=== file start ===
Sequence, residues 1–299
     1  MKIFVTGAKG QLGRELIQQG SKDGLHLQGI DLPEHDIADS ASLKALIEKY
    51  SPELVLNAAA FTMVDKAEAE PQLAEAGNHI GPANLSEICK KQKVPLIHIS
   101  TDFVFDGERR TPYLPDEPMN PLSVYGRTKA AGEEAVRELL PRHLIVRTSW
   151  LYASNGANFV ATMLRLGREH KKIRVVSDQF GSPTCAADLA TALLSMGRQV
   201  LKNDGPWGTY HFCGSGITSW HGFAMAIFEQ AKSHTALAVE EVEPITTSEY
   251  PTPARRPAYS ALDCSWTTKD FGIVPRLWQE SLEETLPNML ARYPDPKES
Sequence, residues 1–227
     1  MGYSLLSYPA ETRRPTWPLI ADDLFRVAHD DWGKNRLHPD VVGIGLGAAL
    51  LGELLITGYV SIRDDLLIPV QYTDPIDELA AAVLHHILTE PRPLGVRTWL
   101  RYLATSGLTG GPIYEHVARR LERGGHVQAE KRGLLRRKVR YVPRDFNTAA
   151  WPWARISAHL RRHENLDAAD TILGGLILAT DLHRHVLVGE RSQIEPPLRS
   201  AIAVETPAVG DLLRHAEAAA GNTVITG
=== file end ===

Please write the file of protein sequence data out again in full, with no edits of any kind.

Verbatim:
Sequence, residues 1–299
     1  MKIFVTGAKG QLGRELIQQG SKDGLHLQGI DLPEHDIADS ASLKALIEKY
    51  SPELVLNAAA FTMVDKAEAE PQLAEAGNHI GPANLSEICK KQKVPLIHIS
   101  TDFVFDGERR TPYLPDEPMN PLSVYGRTKA AGEEAVRELL PRHLIVRTSW
   151  LYASNGANFV ATMLRLGREH KKIRVVSDQF GSPTCAADLA TALLSMGRQV
   201  LKNDGPWGTY HFCGSGITSW HGFAMAIFEQ AKSHTALAVE EVEPITTSEY
   251  PTPARRPAYS ALDCSWTTKD FGIVPRLWQE SLEETLPNML ARYPDPKES
Sequence, residues 1–227
     1  MGYSLLSYPA ETRRPTWPLI ADDLFRVAHD DWGKNRLHPD VVGIGLGAAL
    51  LGELLITGYV SIRDDLLIPV QYTDPIDELA AAVLHHILTE PRPLGVRTWL
   101  RYLATSGLTG GPIYEHVARR LERGGHVQAE KRGLLRRKVR YVPRDFNTAA
   151  WPWARISAHL RRHENLDAAD TILGGLILAT DLHRHVLVGE RSQIEPPLRS
   201  AIAVETPAVG DLLRHAEAAA GNTVITG